We find that social security contributions deter hours the most, followed by consumption taxes and, to a lesser extent, personal income taxes. …Consumption and personal income taxes are found to affect hours per worker, but not employment rates. On the other hand, social security contributions are negatively associated with employment rates, but do not seem to affect hours per worker. …In line with the literature, we document that women’s employment rate is more sensitive to changes in tax policies. We find the elasticity of employment rate to social security contributions to be 7 percent larger for women vis-à-vis men.

Here’s one of the charts from the study.

And here’s an explanation of what it means.

Figure 4 shows the evolution of hours and effective taxes. Hours worked increased substantially for Group 1, while it remained stable in Group 2 (Panel (a)). In both groups, the effect of the GFC is noticeable as hours sharply declined after 2008. Panel (b) shows the evolution of the average effective tax rate in each group. Interestingly, countries in Group 1, which observed an increase in hours, had lower effective tax rates (below 40 percent) throughout the period. In addition, we observe a negative correlation between hours and taxes for most of the sample. For Group 1, the large increase in hours – between year 2000 and the GFC – happened at the same time taxes declined

Here’s another chart from the IMF report.

And here’s some of the explanatory text.

Figure 5 depicts the relationship between hours worked and taxes across countries. In Panel (a), we observe a negative correlation between hours and taxes in levels for each group, with the negative correlation being stronger in Group 2 than in Group 1 (it has a steeper slope). Panel (b) shows total log changes in hours and taxes throughout the period. It also displays a negative correlation.

Looking at the conclusion, a key takeaway from the study is that there is a substantial loss of economic activity because of theoretically benign (but in reality onerous) taxes on consumption and labor.

Our modelling exercise shows that taxes influence the long-run trend in hours and our econometric exercise shows that the findings are robust to the inclusion of other labor market determinants. Furthermore, we document an elasticity of hours to overall taxes close to 0.5. We find that differences in tax burden can explain up to 21 percent in the variation of hours worked across NMS. The main takeaway of this study is that excessive tax burden, either in the form of consumption or labor taxes, can lead to substantial deadweight losses in terms of labor supply. .. overall tax burden – and not only labor taxes – should be considered when thinking about incentives from tax schemes.

Yes, incentives do matter.

And it’s good that an IMF report is providing good evidence for lower tax rates.

But I’m not optimistic we’ll get pro-growth changes. There’s been a lack of good reform this decade from the new member states from Eastern Europe. Combined with demographic decline (and the associated pressure for higher tax rates), this does not bode well.

P.S. While the professional economists at the IMF often produce good research and sensible advice, the bureaucracy’s political leaders almost always ignore those findings and instead push for bad tax policy. Including in the new member states from Eastern Europe.

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When I write about Social Security, I normally focus on two serious deficiencies.

  1. The program was never properly designed to deal with demographic change, which means there’s a gargantuan long-run budgetary shortfall of $44 trillion.
  2. The program is a very bad deal for workers (especially minorities), offering a paltry retirement benefit compared to what could be obtained with private savings.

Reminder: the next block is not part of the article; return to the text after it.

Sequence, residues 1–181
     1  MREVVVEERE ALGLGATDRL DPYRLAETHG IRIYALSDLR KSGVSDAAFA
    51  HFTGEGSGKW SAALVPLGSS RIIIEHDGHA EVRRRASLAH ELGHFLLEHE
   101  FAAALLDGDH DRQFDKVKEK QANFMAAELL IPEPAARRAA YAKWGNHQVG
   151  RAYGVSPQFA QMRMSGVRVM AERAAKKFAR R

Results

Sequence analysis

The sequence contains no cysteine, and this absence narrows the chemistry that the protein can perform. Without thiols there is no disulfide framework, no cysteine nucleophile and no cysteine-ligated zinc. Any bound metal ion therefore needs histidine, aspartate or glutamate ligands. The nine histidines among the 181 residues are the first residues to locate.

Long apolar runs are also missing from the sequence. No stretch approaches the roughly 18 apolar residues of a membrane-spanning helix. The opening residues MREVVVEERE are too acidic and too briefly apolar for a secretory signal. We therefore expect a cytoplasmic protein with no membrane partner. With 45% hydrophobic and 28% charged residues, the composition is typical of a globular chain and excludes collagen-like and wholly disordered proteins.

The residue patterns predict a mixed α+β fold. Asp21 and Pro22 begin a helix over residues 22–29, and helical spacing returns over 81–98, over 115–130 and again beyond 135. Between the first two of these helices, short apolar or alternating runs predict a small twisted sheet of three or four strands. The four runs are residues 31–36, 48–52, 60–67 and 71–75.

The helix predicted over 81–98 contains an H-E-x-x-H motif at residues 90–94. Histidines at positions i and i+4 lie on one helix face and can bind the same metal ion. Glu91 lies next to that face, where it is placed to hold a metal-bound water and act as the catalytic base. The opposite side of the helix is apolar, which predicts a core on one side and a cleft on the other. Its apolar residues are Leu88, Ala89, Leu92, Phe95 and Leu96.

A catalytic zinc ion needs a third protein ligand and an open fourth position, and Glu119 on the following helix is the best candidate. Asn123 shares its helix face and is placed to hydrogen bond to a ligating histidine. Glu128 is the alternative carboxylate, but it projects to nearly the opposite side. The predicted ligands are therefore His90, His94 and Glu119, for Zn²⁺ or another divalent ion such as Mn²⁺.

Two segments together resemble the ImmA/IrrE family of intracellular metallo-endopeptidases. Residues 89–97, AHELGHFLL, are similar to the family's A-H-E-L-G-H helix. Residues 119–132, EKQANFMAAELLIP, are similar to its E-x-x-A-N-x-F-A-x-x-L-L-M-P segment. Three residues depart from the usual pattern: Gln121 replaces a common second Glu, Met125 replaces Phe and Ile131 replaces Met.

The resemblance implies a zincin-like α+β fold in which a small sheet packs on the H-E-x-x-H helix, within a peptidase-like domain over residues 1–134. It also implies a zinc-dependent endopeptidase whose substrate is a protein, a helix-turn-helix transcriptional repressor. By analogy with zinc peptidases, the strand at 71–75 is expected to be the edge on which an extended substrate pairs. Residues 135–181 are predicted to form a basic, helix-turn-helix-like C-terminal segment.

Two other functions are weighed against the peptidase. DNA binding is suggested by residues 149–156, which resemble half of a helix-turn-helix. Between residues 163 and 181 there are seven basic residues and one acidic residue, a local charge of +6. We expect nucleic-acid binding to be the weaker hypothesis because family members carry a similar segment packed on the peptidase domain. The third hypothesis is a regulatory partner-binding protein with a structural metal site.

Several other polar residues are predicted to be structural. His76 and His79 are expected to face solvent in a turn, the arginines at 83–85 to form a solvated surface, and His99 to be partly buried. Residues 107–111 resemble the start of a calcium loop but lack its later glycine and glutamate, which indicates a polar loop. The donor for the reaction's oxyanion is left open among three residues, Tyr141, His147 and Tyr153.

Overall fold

I’ve neglected to explain, though, that there’s also an economic cost. All government spending is a burden since resources get diverted from the productive sector of the economy. Moreover, the associated payroll taxes have an adverse impact on incentives for employment.

Those taxes also have a negative effect on entrepreneurship, according to new research from three economists. Here are some excerpts from their study, which has been published by the National Bureau of Economic Research. We’ll start with a look at the methodology.

Entrepreneurship plays a central role in modern economies. In the US, for example, new businesses account for 20% of total gross job creation. While entrepreneurs can be very successful…, entrepreneurship remains one of the most economically risky lines of activity and can result in large wealth losses. …the marginal value of resources for entrepreneurs can be substantial, given how cash-constrained they often are. Therefore, mandating social insurance, while reducing risks,could significantly affect entrepreneurial activity. …In this paper, we…exploit quasi-experimental variation in the amount of social insurance contributions and…administrative data on the full population of Finnish entrepreneurs to address this question. …We use a standard differences-in-differences strategy and exploit a reform in 2011 that changed the ownership share rule from 50% to 30% to assess how relaxing the social insurance mandate affects entrepreneurial activity. …Overall, we find that social insurance contributions are reduced by an aver-age of 19% for the treatment group, which has more discretion over insurance contributions after the reform. This reduction represents a large cash windfall, equivalent to, on average, a 5 percentage-point reduction in corporate taxes.

Here are the key results, which show that payroll taxes have a decidedly negative effect on new firms.

…we observe a larger than average decrease in social insurance contributions by the owners of younger firms. The cash saved from the lower contributions is channeled into their firms, as we observe an increase in both employee compensations and other input costs, and an increase in turnover after the reform. …entrepreneurs in younger firms are more liquidity-constrained and have access to better growth opportunities than more mature firms. …Figure 2 shows the effect of the 2011 reform on business activity for young firms that are equal to or younger than five years old. …we estimate a 9.9% increase in turnover and a 6% increase in employee wage costs. Overall, these results imply that firms use the saved cash to pay for additional intermediate inputs and labor in order to increase turnover, and suggests that these firms might be facing liquidity constraints.